Pin Colors

The color refers to that links' relative performance given what Chartbeat is used to seeing for a link in that position at a certain time — for that hour of the day on a weekday or weekend. Green pins are overperforming—articles that are doing better than usual in that position during this time. Red pins are the opposite; for whatever reason an article is receiving fewer clicks than an article usually does in that position.

Pin Criteria

  • link models built for every unique HTML element on the page (every x-path)
  • link models for every unique element on the entire page
  • link models for all dynamic elements—carousels, lazy loaded elements etc.
  • greater accuracy of models for links of varying sizes and positions as models are built for every x-path
  • CPM and link models for mobile, tablet, and desktop devices

Chartcorps Insight: A quick action you can take after launching the Heads Up Display, is looking for a red pin that's pretty high up on the page. Since you know that article isn't doing as well as a link usually does in that position, it might be time to do some troubleshooting. Try a different headline or photo to see if you can get more people clicking through to the story. Or you can consider moving it further down the page, giving that highly viewable real-estate to an article that is receiving a lot of click activity.

Scroll Depth

The Heads Up Display now offers two different ways to look at scroll depth.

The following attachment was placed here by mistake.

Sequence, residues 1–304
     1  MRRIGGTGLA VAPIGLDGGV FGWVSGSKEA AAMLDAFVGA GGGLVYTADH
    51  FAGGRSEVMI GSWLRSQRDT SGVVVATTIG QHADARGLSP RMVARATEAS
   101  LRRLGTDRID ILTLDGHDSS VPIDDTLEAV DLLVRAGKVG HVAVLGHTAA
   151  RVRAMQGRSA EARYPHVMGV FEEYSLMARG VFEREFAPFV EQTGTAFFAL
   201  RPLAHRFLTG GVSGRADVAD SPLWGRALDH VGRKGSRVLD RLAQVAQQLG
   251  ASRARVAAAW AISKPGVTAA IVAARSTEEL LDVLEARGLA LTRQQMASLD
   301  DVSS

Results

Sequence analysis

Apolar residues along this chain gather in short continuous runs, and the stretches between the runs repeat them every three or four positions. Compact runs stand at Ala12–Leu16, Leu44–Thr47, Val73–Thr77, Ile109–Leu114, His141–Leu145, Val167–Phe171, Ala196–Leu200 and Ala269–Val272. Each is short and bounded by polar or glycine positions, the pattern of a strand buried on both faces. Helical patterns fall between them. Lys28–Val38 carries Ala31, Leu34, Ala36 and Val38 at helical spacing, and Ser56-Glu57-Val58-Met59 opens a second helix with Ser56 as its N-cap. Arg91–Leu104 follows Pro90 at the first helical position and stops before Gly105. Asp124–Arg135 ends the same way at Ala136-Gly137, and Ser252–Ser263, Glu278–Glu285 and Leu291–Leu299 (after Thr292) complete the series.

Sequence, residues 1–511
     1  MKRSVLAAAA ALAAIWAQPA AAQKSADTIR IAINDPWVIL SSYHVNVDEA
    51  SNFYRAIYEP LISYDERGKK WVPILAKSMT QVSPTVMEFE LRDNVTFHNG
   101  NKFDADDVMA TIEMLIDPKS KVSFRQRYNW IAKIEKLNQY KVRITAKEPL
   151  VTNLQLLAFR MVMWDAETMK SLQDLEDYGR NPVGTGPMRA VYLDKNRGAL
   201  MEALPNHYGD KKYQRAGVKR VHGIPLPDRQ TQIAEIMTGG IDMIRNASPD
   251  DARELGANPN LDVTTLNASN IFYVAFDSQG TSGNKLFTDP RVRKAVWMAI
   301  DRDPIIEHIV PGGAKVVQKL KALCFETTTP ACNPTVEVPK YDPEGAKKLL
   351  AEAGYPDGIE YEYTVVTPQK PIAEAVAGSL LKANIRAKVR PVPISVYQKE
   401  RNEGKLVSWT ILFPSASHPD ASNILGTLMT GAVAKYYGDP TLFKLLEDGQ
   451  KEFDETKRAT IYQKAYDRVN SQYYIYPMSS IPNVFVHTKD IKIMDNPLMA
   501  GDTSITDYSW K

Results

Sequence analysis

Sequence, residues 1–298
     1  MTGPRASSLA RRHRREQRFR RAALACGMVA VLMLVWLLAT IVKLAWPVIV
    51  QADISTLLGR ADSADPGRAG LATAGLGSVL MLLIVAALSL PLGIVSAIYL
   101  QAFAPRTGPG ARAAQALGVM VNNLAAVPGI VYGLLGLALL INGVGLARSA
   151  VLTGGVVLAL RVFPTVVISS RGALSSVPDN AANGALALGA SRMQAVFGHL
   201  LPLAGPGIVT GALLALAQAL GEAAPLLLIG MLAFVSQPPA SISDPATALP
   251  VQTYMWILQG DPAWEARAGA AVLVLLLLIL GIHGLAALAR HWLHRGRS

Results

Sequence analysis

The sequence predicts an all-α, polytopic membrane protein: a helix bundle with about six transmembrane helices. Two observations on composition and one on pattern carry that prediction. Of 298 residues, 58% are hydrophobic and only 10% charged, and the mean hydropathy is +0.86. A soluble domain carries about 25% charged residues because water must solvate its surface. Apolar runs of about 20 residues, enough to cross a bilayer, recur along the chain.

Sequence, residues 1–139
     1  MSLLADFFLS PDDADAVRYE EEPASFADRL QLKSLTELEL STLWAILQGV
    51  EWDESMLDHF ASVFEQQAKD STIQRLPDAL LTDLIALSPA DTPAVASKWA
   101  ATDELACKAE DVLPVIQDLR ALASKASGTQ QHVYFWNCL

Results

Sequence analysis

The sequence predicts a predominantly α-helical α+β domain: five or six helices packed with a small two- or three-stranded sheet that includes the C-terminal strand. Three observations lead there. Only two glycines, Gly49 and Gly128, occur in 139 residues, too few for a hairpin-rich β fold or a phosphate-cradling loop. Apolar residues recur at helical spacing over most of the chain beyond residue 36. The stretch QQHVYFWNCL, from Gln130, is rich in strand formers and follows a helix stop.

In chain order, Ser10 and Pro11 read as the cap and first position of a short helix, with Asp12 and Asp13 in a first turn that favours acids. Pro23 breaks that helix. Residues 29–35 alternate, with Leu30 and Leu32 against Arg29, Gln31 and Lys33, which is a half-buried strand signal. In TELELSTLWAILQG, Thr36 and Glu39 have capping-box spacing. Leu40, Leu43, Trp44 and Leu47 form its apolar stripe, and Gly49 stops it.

The default view gives you a historical look at the max scroll depth for everyone in the last 6 hours. Now you can easily see how far people typically scroll down a given page.

Selecting the Scroll Depth Bar switches to the second view. The expanded teal bars show where high percentages of visitors stopped scrolling on the page.

The bigger the bar, the more visitors that stopped. When you see a bar that extends far into the page, you have an opportunity to determine what made those visitors stop scrolling — maybe it's a link, a video, or some other visual.

Device Type Filters

With the Heads Up Display dock you can filter on device and break out your audience into the people using desktop computers, mobile phones, and tablets. Now you can seamlessly simulate your visitor's mobile experience and adapt your page design based on just that audience's behavior.

If you're filtered on mobile, remember to shrink your browser width to between 300px and 400px so as to simulate your mobile visitors' experience. See what they see and see what they're doing — clicks, quality clicks, and scroll depth.